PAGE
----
By Markos Moulitsas - 01/27/09 05:43 PM EST
Unlike Republicans, who have attempted in recent years to amend the Constitution over tangential issues like flag-burning, Democrats generally believe that constitutional amendments shouldn’t be taken lightly. But on rare, serious occasions, even the most sober Democrats can agree that the Constitution ought to be changed to correct gross flaws in our democracy.
In recent weeks, we’ve witnessed circus-like scenes in Illinois and New York that have made a mockery of the process of filling vacancies in the Senate. In Illinois, indicted Gov. Rod Blagojevich (D) was captured on tape trying to sell President Obama’s former Senate seat. His eventual nominee, Roland Burris (D), now offers a daily reminder of the corrupting nature of the appointment process. Efforts by Senate Democrats to keep him out on nitpicky technicalities failed miserably.
In New York, Caroline Kennedy appeared to be the front-runner for Hillary Rodham Clinton’s former Senate seat after mounting a heavy-hitting PR effort targeting the governor and the state’s political elite, even as she bypassed the pesky voters she was aiming to represent. When she removed herself from the field at the eleventh hour, the drama underscored the undemocratic nature of the entire process. Had she run for the seat in a contested election, few would’ve batted an eye, given the history of her storied family.
Instead, the proceedings smacked of entitlement and privilege, more reflective of a monarchy than a democracy.
Wisconsin Sen. Russ Feingold (D), spurred into action by the Illinois and New York debacles, introduced a constitutional amendment this week requiring special elections to fill Senate vacancies. “Those cases have simply confirmed my longstanding view that Senate appointments by state governors are an unfortunate relic of the time when state legislatures elected U.S. senators,” Feingold wrote on Daily Kos. “Nobody can represent the people in the House of Representatives without the approval of the voters. The same should be true for the Senate.”
It is indeed ironic that far less weighty House vacancies are filled by voters, while the world’s most exclusive club still clings to its undemocratic origins. It wasn’t until the 17th Amendment was passed in 1913 that voters chose their senators directly — before that, Senate seats were parceled out by state legislatures. Unfortunately, the 17th Amendment gave states the option to fill vacancies by gubernatorial appointment, which most still do.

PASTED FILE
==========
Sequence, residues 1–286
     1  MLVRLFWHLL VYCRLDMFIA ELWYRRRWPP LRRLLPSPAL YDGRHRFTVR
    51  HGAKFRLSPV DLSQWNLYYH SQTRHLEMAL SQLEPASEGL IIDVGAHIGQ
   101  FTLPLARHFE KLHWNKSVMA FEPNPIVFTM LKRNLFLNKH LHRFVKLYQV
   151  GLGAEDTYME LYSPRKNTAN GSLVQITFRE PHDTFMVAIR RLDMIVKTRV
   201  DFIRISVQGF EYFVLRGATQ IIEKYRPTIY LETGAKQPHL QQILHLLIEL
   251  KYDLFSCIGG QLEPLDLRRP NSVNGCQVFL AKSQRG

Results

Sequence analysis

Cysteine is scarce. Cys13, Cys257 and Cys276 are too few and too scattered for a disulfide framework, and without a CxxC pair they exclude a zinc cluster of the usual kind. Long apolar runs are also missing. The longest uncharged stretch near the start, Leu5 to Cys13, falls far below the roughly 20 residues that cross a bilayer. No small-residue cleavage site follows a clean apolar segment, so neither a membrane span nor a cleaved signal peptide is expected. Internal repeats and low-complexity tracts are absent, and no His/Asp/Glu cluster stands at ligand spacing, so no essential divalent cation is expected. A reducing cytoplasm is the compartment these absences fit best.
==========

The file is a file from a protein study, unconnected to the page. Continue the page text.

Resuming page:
Thirteen states have taken steps to remedy this inherently undemocratic, oftentimes nepotistic and potentially corrupting process. Among them is Alaska, where an angry electorate stripped the governor of appointment power by popular referendum in response to Frank Murkowski’s appointment of his daughter, Lisa (R), to his own Senate seat after he was elected governor. (The elder Murkowski lost his reelection bid in the primary to Sarah Palin in large part because of this issue.) Three states require the governor to appoint someone from the same party as the departed senator. The other 34 give their governor unfettered ability to appoint a replacement.
This is a fortuitous time to introduce this amendment. An analysis by Nate Silver of FiveThirtyEight.com found that, based on the current configuration of senators and governors, 14 Republican senators would be replaced by Democratic governors, while 14 Democratic senators would be replaced by Republican governors. With neither party gaining an edge by passage, the amendment is objectively nonpartisan, an obvious advantage for a process that requires two-thirds of both congressional chambers as well as three-fourths of the states to become law.
Critics may object to the costs of special elections, but it’s a small price to pay for real democracy.
Moulitsas is founder and publisher of Daily Kos.